Pietersen leads the pretenders but Strauss and Key have a case

Heavy hitter has the energy and personality to succeed as captain, but it would still represent a gamble, writes Angus Fraser

Kevin Pietersen

On the basis that England want to have one captain to lead them in Test, one-day and Twenty20 cricket Pietersen becomes the strong favourite. He is one of the few players guaranteed a place in each of the three teams.

Picking Pietersen would be a gamble. The 28-year-old is the most high-profile and quotable member of the team and he has a good cricket brain. In recent times Pietersen has become part of England's inner sanctum and was regularly seen in deep conversation with the previous Test and one-day captains, Michael Vaughan and Paul Collingwood.

In the absence of Collingwood, Pietersen captained England once during the recent one-day series against New Zealand, and he would love to do the job on a permanent basis. He is extremely ambitious and would enjoy the even higher profile it gave him. The extra responsibility could bring more out of him, but it could have a detrimental effect too. Pietersen was widely criticised for the shot he played on 94 at Edgbaston, when he was caught at long on attempting to reach his hundred with a six. The captaincy may stop him batting in such an adventurous way but it would come at a price; Pietersen's Test batting average was at its highest when his strike rate was. He is at his best when he is being positive.

It would, however, be hard for him to castigate team-mates for batting in such a manner when he does so himself. There is also the matter of his Englishness. At a time when the nationality of an individual has never been so blurred it may seem frivolous to talk about such a subject, but it is relevant. Pietersen may wear a three lions and crown tattoo on his biceps but in an interview earlier this year he spoke of English people as "you".

Men of South African decent – Tony Greig and Allan Lamb – have captained England, but their reasons for moving here were not as calculated. Pietersen's decision to come to England was career-driven. It was the place where he could capitalise most on his amazing talent.

It is this drive that has made him the player he is, but such a single-minded attitude has not endeared him to all of his team-mates. Pietersen joined Hampshire in 2004 with few of his former colleagues at Nottinghamshire having a good word for him, and there are several players in the England dressing room who tolerate rather than warm to him. Pietersen has the energy and personality to do the job, and he could prove an inspired selection. It could, however, go the other way.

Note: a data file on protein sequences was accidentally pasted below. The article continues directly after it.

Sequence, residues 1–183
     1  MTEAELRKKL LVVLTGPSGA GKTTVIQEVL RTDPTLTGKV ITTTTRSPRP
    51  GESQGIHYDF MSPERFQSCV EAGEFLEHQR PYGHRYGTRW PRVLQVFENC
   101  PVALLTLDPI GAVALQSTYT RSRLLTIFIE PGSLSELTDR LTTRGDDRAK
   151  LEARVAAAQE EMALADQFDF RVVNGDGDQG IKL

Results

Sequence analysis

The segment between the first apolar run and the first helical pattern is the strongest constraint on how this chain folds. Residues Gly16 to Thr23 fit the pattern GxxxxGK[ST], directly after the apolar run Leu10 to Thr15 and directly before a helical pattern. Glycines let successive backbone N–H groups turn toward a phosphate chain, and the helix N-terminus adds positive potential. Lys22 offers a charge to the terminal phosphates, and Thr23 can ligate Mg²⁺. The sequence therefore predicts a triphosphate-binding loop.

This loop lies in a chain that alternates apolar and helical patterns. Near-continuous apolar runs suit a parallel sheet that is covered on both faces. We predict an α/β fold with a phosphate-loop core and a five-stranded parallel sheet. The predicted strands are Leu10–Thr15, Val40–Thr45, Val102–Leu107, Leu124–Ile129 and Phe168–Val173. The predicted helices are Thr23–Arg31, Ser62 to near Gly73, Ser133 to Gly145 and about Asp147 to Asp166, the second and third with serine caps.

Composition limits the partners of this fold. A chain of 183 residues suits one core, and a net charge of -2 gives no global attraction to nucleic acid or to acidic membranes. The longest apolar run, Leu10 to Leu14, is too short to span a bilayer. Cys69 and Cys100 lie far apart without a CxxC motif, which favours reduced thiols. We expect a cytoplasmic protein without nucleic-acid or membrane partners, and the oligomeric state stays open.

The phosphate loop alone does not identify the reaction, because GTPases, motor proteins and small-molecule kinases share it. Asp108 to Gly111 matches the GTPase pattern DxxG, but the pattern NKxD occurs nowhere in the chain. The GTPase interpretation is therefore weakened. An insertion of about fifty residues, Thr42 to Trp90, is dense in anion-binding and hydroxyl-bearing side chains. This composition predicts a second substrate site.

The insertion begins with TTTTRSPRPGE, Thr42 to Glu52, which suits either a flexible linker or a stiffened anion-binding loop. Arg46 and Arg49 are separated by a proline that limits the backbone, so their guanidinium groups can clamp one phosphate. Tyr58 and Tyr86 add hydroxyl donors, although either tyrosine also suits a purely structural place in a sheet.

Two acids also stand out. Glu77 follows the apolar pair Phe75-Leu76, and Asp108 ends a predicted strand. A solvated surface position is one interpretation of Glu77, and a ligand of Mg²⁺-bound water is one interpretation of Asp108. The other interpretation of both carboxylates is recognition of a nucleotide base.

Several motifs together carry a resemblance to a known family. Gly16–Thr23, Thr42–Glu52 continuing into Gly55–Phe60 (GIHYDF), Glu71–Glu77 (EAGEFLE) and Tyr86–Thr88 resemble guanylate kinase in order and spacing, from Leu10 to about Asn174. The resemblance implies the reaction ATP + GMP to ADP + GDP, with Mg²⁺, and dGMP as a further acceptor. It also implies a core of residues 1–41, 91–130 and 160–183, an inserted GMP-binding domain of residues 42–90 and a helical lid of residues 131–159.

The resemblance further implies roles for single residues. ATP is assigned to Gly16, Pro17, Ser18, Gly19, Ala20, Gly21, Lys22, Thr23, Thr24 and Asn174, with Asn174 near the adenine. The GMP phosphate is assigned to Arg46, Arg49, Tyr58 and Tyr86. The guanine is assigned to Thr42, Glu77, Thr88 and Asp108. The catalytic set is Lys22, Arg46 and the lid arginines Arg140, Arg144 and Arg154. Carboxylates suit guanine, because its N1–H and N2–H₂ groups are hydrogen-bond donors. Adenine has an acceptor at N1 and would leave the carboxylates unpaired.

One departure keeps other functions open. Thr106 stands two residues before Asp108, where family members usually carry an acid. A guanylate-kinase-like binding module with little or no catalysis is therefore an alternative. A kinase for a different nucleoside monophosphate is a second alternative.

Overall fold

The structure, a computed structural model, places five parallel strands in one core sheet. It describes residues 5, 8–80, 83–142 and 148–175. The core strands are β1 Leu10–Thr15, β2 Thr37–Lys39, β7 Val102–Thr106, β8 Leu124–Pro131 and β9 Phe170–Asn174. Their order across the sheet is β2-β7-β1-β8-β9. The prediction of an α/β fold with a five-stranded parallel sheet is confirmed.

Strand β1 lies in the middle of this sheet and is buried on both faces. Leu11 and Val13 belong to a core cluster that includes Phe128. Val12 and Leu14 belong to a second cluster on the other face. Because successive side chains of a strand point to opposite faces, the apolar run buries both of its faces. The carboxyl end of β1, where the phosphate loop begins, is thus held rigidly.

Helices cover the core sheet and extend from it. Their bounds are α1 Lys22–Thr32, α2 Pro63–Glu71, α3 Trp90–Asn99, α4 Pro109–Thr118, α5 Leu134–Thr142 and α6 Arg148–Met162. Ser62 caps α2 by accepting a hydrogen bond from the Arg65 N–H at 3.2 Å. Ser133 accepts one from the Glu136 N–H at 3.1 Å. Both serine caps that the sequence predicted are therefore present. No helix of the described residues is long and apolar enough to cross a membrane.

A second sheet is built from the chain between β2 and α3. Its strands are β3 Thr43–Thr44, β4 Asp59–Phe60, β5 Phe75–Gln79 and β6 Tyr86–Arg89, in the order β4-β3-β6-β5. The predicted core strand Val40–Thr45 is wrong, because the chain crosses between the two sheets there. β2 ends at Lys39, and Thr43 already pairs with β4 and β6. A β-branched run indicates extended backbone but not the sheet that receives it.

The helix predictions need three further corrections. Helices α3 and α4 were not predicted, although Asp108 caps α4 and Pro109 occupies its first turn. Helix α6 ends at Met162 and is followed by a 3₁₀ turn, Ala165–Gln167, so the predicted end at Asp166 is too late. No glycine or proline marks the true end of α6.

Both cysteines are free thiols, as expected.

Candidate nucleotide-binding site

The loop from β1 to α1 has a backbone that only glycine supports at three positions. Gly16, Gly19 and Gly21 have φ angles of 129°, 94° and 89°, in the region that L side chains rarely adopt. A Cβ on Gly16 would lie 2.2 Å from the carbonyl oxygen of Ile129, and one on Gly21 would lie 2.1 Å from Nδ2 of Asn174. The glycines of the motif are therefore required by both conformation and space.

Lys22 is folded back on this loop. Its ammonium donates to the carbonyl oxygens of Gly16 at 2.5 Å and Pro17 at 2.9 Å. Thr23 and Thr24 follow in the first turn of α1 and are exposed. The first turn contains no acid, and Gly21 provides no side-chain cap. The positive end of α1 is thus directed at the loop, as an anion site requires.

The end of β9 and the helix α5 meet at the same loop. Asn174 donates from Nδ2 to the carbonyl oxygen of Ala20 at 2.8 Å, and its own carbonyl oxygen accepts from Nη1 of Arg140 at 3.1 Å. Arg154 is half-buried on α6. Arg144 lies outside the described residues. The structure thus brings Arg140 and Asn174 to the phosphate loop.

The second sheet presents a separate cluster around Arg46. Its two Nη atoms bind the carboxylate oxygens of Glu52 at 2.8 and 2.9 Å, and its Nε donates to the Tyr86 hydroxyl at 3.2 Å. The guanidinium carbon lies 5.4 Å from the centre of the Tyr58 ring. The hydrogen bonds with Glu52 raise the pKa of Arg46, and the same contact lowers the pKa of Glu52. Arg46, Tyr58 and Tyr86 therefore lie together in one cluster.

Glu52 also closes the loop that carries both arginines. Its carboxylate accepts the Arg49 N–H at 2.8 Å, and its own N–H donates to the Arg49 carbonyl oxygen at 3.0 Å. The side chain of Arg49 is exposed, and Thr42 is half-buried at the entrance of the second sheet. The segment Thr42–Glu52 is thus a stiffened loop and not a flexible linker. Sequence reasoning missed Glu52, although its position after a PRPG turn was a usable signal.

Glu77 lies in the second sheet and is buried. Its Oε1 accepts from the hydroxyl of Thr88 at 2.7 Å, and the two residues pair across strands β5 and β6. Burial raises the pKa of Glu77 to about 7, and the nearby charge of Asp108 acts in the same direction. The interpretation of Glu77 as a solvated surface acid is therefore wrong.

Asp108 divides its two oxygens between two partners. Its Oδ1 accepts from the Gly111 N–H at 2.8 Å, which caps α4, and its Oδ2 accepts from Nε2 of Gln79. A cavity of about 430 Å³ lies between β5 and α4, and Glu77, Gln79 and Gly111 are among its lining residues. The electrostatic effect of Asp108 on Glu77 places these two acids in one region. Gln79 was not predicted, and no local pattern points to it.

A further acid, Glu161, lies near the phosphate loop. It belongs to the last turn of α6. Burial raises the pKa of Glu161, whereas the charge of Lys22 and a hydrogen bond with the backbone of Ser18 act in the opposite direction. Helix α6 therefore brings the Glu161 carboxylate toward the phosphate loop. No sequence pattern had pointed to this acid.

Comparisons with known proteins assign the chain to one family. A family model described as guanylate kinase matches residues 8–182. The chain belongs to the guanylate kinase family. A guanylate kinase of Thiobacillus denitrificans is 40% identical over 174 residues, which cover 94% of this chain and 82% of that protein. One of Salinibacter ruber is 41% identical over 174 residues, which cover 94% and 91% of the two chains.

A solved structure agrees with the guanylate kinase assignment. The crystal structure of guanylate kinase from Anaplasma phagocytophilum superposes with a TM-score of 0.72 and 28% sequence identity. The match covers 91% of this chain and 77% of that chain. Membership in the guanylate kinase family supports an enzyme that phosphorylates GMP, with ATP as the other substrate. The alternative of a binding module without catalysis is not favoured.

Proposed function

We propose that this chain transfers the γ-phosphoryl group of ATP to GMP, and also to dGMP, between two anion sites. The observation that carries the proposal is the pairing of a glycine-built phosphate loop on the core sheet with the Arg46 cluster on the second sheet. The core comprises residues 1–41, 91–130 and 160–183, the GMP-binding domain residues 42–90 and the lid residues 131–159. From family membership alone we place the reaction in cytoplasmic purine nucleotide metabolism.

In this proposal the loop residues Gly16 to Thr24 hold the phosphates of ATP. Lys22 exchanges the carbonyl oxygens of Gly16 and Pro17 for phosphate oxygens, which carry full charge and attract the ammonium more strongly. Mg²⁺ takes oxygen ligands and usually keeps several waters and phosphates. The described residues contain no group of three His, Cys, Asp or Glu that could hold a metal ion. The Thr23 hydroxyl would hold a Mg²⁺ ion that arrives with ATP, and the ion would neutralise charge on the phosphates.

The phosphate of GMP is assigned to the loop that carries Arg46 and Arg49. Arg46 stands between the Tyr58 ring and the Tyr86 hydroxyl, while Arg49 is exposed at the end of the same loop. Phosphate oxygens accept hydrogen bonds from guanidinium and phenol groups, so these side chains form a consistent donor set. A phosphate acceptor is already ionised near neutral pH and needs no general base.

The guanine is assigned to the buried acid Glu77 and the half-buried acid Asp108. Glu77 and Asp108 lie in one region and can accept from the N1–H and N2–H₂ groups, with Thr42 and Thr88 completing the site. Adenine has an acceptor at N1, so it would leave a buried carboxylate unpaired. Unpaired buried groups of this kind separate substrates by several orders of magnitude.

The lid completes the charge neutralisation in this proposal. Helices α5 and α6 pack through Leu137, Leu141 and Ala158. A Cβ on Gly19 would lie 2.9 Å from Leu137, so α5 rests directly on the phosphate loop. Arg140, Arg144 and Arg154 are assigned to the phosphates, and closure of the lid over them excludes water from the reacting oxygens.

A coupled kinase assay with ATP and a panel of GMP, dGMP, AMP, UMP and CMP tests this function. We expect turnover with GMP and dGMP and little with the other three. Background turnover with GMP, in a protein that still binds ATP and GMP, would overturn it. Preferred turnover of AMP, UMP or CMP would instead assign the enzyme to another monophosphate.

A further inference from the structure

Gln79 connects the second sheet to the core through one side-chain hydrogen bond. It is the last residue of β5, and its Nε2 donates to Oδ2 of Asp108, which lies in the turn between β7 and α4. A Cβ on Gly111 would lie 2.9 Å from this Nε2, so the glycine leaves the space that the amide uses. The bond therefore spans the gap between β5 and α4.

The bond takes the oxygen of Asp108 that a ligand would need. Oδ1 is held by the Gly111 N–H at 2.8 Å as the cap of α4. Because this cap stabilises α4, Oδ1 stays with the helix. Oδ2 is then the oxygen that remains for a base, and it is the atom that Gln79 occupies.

Andrew Strauss

Strauss would be the safest option for England to take. The 31-year-old captained England in 2006 when Vaughan and Andrew Flintoff were injured, and did a very good job, taking the side to a 2-0 series victory over Pakistan. He should have captained England on the 2006-07 Ashes tour too, but Flintoff was controversially given the job. Strauss is a diligent and respected member of the England team and his appointment would not disrupt the set-up currently in place. One-day cricket is the big problem for him.

Strauss has not played it for England since the 2007 World Cup, although he was added to the squad in the recent series against New Zealand. There are some who question his place in the Test team too.

Robert Key

Key's credibility has risen on the back of Kent's success in the Twenty20 Cup, a tournament they won in 2007 and lost in the final to Middlesex a week ago.

The 29-year-old is a very popular figure with old-fashioned principles. Key is a captain's captain, in that there is little fuss about the way he does the job. He has excellent man-management skills and is a good tactician on the field. He has shown he can play at the highest level too, scoring 221 against the West Indies at Lord's in 2004. Recent performances in Twenty20 cricket have shown that he can adapt to the limited-over game too. It would be expecting a lot to ask a man to re-establish himself in international cricket and captain a side at the same time.

Alastair Cook

Cook was tipped as a future England captain at a very early stage of his international career. He is bright, intelligent, organised and a very good player. The image of the 23-year-old is impeccable too. South Africa's Graeme Smith was handed the captaincy at 22, but Cook does not appear mature enough yet. He does not appear to have pushed for greater responsibility and seems content to get on with his cricket quietly, worrying solely about his own game. His chance will probably come but now does not appear to be the right time.

Andrew Flintoff

Flintoff's time in charge could hardly be described as a success and earlier this year he stated: "It was not something I am looking to do." England lost 5-0 to Australia under his leadership before somehow winning a one-day tournament.

The 30-year-old is the unlikeliest of the candidates but he remains a possibility. If the selectors came knocking at his door he would undoubtedly consider it. "Fredalo", however, will take some getting over and his selection would receive criticism in many quarters.

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